CHIA SONG HWEE:  Maybe I'll take the first one. We actually do not have a target set for any particular sector or market. Our approach is bottom up. Of course, we have the top‑down view on where we want to locate resources and capital, but it all depends on opportunities. Having said that, China is a big market and [has] also represented more opportunities. So, to attract more capital from us in the US, Europe, and so on, is quite natural. Having said that, while the Singapore portfolio has reduced in weightage, in absolute dollar term, they are very sizable and continue to grow. 

DILHAN PILLAY: And by the way, investment in China includes our portfolio companies that have an increased exposure in China over the years. 

Question on China – Investments (2)

QUESTION: I've got a more specific question. So Temasek has invested in Chinese cell therapy companies, so my question is why cell therapy in China in particular, and also if there are any concerns that Chinese laws could compromise the development of these therapies?

CHIA SONG HWEE: Actually, the advancement in life sciences in China has been quite remarkable. We have also seen companies succeeding in getting non‑Chinese local clients. In fact, they are international, US, European‑based customers. And all these are also subject to very stringent FDA approval. The Chinese FDA standard is no less stringent than the rest of the world. So, we also rely and take comfort on that. The level of innovation and forward‑looking, both at a company level and the government agencies, have allowed this progress to be made and is actually very encouraging. 

Question on Hong Kong – Investment Outlook

QUESTION: I just want to know how Temasek is viewing the recent developments in Hong Kong, whether you're concerned and if yes, how is that going to affect your investment approach moving forward?

PNG CHIN YEE: So the way we look at these events is really with an eye on what it does for our portfolio and how we should position ourselves for it and today we don't really have direct exposure to the Hong Kong market. We do have investments in a number of stocks which are listed on the Hong Kong exchange, but they represent exposure mainly from China. So, from that perspective, you know, it's not significant impact for our portfolio and that's how we would regard them. 

Question on India – Investment Outlook

QUESTION: I want to slip in a question on India. What are your plans with scaling up in India, you know, given that we've just had Prime Minister Modi be re‑elected and we've just had a new budget being laid out, as also the fact that, you know, it's one of the high‑growth economies in this part of the world?

PNG CHIN YEE: Maybe I can take that. So, we've actually been increasing our exposure to India over the years and we're committed to do so. It's a very attractive market for us from a demographic perspective of rising affluence. You know, the Modi Government has made quite a few reforms in his first term and we expect that to continue in the second term and we've seen the bankruptcy code being very meaningful in terms of helping banks resolve the corporate NPL issues that's been plaguing the market for a very long time. We've seen GST reforms as well. So, we want to see more of those reforms coming through in the market.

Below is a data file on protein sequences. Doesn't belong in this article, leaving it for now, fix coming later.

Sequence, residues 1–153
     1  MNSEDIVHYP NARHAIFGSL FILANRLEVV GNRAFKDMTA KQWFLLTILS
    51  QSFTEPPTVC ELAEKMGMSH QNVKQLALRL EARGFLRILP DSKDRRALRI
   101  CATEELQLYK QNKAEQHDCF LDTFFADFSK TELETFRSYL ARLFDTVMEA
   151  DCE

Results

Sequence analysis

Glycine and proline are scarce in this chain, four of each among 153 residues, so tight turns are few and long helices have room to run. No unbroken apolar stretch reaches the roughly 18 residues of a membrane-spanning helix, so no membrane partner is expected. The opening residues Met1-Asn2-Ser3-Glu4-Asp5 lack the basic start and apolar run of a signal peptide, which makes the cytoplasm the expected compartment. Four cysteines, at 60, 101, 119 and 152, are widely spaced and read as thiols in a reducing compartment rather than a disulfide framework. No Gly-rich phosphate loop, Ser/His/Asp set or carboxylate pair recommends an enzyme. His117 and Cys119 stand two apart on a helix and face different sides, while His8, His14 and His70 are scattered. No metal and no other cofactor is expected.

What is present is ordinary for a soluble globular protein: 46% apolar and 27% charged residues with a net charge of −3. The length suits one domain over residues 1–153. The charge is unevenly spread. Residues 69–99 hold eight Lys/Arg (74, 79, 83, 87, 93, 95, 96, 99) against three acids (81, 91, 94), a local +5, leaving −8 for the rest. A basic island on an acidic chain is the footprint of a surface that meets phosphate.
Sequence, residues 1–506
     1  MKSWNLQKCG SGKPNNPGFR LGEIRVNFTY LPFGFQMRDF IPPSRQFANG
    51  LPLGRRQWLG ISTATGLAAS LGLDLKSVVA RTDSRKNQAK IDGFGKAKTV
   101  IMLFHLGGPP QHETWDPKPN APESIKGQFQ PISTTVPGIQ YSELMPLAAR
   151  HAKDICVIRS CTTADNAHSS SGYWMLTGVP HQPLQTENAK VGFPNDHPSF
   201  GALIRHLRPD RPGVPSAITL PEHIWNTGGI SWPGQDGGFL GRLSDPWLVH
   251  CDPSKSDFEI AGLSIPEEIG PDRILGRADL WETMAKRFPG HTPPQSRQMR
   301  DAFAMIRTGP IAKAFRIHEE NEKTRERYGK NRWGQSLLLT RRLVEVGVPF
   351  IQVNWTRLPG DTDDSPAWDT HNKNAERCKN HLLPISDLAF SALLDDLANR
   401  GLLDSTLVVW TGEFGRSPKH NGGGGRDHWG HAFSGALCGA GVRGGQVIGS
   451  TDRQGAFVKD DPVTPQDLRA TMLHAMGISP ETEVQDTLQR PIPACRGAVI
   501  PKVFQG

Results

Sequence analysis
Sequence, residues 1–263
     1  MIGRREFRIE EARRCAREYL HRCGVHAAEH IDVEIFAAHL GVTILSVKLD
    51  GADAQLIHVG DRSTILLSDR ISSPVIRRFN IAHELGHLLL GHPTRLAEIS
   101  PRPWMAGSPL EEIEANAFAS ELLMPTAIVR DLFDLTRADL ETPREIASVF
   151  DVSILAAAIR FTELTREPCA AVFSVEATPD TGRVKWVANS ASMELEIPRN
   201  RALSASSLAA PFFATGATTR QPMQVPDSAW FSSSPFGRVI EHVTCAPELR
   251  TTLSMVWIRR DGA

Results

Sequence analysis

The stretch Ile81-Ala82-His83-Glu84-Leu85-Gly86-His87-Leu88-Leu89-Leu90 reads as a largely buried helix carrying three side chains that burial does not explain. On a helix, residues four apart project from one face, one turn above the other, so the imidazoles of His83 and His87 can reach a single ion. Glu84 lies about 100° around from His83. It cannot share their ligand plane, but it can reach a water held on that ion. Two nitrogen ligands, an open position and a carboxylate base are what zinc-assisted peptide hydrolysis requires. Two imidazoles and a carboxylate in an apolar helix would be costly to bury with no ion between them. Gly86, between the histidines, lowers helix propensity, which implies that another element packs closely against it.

I guess the budget that was just announced, we see that as being a fiscally prudent and as good for the long term. I think the market may have been a little bit disappointed that it was not more growth focused, but I think for us, you know, we look at long term, so we think that's actually quite positive. Almost half our investments in India are in the financial services space, banks, insurance, we continue to build that. Beyond that we also we're very active in technology, consumer, you saw our investments in Ola Cabs last year as well. So, I think that's an area that we actually do want to spend more time and build our portfolio. 

Question on Japan - Investments

QUESTION: I understand that Asia accounts for two thirds of your portfolio. Could I ask how much does Japan account for, and would it be increased or reduced in the near future and possibly why?

PNG CHIN YEE:   So, we continually look at Japan as a market of interest. I think there are companies there who are very strong in technology and so that's where we're spending a lot of time. But I guess for today, the exposure to Japan is immaterial. 

CHIA SONG HWEE: And the senior management continue to visit Japan.  I was in Japan just a couple of months ago and get ourselves frequently updated on what is the development over there, and we are keen to explore opportunities and if we do come across, we will do so. 

Question on Digital Banking

QUESTION: So MAS recently announced that they're going to issue up to five digital bank license. How do you see that this will disrupt your investment in the banking sector? Thank you.

PNG CHIN YEE: So I guess on the digital banking licences that the MAS is issuing, I think MAS is actually widely regarded to be a very innovative regulator and I think this is just another step as it tries to encourage innovation in the domestic banking system.  And if you look, actually the Singapore banking system is very open. There's so many QFB licences which have been issued in the past. Again, it's just a journey. So, we think it's going to be good to encourage further innovation.  Hopefully the new players can help to serve the underserved and meet the unmet needs of the marketplace.

The domestic banks themselves are also actually allowed to have digital banks, so they can also build their own digital banks in the context of that. So, I think it's ‑ I think that it will be good for everyone. I don't think there's going to be a significant disruption for the domestic banks. They've also been on their own digitisation journey. They've all been working very hard to improve the services that they are offering to all Singaporeans. So, I see it from that context.

Question on Retail Bond